At a Congressional UFO hearing on April 5, 1966, Air Force Secretary Harold Brown
Harold Brown (Secretary of Defense)
Harold Brown , American scientist, was U.S. Secretary of Defense from 1977 to 1981 in the cabinet of President Jimmy Carter. He had previously served in the Lyndon Johnson administration as Director of Defense Research and Engineering and Secretary of the Air Force.While Secretary of Defense, he...

 defended the Air Force's UFO studies and repeated the O'Brien Committee's call for more studies. Hynek repeated his call for "a civilian panel of physical and social scientists" to "examine the UFO problem critically for the express purpose of determining whether a major problem exists." Shortly after the hearing, the Air Force announced it was seeking one or more universities
A university is an institution of higher education and research, which grants academic degrees in a variety of subjects. A university is an organisation that provides both undergraduate education and postgraduate education...

 to undertake a study of UFOs. The Air Force wanted to have several groups, but it took some time to find even a single school willing to accept the Air Force's offer. Both Hynek and James E. McDonald
James E. McDonald
James Edward McDonald was an American physicist. He is best known for his research regarding UFOs. McDonald was senior physicist at the Institute for Atmospheric Physics and professor in the Department of Meteorology, University of Arizona, Tucson.McDonald campaigned vigorously in support of...

 suggested their own campuses, Northwestern University
Northwestern University
Northwestern University is a private research university in Evanston and Chicago, Illinois, USA. Northwestern has eleven undergraduate, graduate, and professional schools offering 124 undergraduate degrees and 145 graduate and professional degrees....

 and the University of Arizona
University of Arizona
The University of Arizona is a land-grant and space-grant public institution of higher education and research located in Tucson, Arizona, United States. The University of Arizona was the first university in the state of Arizona, founded in 1885...

, and others suggested astronomer Donald Menzel. All were judged too closely allied with one position or another. Walter Orr Roberts
Walter Orr Roberts
Walter Orr Roberts was an American astronomer and atmospheric physicist. He received his doctorate in astronomy from Harvard University in 1943. He taught online for the Western Behavioral Sciences Institute in the mid-1980s, and also published an online weekly column entitled "Provocations"...

, director of the National Center for Atmospheric Research
National Center for Atmospheric Research
The National Center for Atmospheric Research has multiple facilities, including the I. M. Pei-designed Mesa Laboratory headquarters in Boulder, Colorado. NCAR is managed by the nonprofit University Corporation for Atmospheric Research and sponsored by the National Science Foundation...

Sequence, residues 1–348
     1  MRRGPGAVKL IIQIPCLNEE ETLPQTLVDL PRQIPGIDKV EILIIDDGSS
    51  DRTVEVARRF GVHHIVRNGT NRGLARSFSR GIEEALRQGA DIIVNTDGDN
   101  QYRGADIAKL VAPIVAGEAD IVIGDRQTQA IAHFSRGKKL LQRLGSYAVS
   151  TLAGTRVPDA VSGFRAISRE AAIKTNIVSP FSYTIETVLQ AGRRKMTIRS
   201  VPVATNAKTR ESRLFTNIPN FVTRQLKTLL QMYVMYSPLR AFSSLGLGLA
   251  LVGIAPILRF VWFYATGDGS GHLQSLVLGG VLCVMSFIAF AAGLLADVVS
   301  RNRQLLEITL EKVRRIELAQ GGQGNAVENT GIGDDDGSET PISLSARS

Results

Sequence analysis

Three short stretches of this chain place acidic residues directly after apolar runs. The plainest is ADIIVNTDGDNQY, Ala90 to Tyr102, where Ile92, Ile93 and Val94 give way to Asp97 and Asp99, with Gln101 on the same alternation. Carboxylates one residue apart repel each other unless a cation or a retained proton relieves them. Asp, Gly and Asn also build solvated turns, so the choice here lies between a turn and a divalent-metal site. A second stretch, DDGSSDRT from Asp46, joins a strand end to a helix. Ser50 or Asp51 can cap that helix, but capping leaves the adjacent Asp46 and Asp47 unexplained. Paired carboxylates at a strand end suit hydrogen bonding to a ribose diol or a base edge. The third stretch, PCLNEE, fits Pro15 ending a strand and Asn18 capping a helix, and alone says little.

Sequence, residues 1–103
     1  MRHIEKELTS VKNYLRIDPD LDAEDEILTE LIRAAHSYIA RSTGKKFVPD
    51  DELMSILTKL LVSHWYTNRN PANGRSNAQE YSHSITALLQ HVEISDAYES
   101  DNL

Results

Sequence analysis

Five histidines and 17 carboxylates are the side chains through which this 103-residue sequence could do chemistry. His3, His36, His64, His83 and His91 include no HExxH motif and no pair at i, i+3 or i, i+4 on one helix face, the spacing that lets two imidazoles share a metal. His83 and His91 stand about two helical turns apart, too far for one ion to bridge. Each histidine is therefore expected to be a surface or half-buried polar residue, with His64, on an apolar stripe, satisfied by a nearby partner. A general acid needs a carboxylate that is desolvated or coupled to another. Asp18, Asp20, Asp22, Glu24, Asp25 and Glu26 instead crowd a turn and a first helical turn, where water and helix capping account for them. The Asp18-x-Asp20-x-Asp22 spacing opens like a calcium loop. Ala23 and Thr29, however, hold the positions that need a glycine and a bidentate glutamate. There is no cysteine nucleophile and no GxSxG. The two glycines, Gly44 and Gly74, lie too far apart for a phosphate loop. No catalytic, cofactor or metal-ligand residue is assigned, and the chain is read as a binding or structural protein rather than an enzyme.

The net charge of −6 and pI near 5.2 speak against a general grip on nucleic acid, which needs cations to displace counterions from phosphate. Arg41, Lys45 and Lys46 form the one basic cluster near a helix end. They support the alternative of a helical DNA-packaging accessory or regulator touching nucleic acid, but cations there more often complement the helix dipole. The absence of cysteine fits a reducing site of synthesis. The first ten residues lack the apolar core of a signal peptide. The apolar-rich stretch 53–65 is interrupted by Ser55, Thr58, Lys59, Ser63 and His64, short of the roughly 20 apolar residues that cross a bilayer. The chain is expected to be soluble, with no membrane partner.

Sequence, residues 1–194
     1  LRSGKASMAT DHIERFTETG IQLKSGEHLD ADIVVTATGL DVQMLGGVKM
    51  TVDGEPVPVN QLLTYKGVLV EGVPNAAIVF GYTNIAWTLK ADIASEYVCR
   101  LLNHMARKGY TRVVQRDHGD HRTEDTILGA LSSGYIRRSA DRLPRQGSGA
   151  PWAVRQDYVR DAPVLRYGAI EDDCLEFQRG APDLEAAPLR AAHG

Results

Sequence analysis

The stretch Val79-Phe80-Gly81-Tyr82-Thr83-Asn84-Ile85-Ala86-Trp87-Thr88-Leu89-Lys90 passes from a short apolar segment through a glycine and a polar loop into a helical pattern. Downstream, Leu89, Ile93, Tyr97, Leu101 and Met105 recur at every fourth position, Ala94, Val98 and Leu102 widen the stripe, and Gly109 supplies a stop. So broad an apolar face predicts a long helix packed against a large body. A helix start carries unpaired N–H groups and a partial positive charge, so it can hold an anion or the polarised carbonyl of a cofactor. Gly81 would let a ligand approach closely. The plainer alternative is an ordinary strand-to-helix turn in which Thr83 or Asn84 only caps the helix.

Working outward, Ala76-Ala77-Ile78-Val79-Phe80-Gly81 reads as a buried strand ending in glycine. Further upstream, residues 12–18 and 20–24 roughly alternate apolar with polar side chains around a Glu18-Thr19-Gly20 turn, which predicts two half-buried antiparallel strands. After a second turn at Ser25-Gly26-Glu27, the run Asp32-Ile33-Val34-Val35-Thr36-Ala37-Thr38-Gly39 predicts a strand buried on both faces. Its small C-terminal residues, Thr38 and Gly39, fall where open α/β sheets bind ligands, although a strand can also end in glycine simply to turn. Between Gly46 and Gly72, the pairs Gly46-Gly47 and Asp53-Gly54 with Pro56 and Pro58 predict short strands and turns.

, and Menzel suggested physicist Edward Condon
Edward Condon
Edward Uhler Condon was a distinguished American nuclear physicist, a pioneer in quantum mechanics, and a participant in the development of radar and nuclear weapons during World War II.-Early life and career:...

 of the University of Colorado
University of Colorado at Boulder
The University of Colorado Boulder is a public research university located in Boulder, Colorado...


In the summer of 1966, Condon agreed to consider the Air Force's offer. He was among the best known and most distinguished scientists of his time. Condon's tenacious encounters with the House Unamerican Activities Committee and other government Loyalty Boards in the 1940s and 1950s made him "almost legendary" among fellow scientists. On Condon's behalf, Robert J. Low, an assistant dean of the university's graduate program, explored faculty reaction to the proposed project and found it mixed and wary. He tried to reassure those who found the enterprise unworthy of scientific investigation. Low told the Denver Post that the project had met the University's acceptance threshold by the narrowest of margins and was accepted largely because it was difficult to say no to the Air Force. Some have suggested that finances were factor in Colorado's decision to accept the Air Force's offer of $313,000 for the project. Condon dismissed this suggestion, noting that $313,000 was a rather modest budget for an undertaking scheduled to last more than a year with a staff of over a dozen.

On October 6, 1966, the University of Colorado agreed to undertake the UFO study, with Condon as director, Low as coordinator, and Saunders and astronomer Franklin Roach as co-principal investigators. The Air Force announced its selection of Condon and the University of Colorado in October 1966. Other Committee members included astronomer William K. Hartmann; psychologists Michael Wertheimer
Michael Wertheimer
Dr. Michael Wertheimer is a cryptologic mathematician. From October 31, 2005 until June 2009, he was the Assistant Deputy Director and Chief Technology Officer of the Office of the Director of National Intelligence for Analysis...

, Dan Culbertson and James Wadsworth, a graduate student; chemist Roy Craig; electrical engineer Norman Levine
Norman Levine
Norman Levine was a Canadian short-story writer, novelist and poet. He is perhaps best remembered for his terse prose. Though he was part of the St. Ives artistic community in Cornwall, and friends with painters Patrick Heron and Francis Bacon, his written expression was not abstract, but concrete...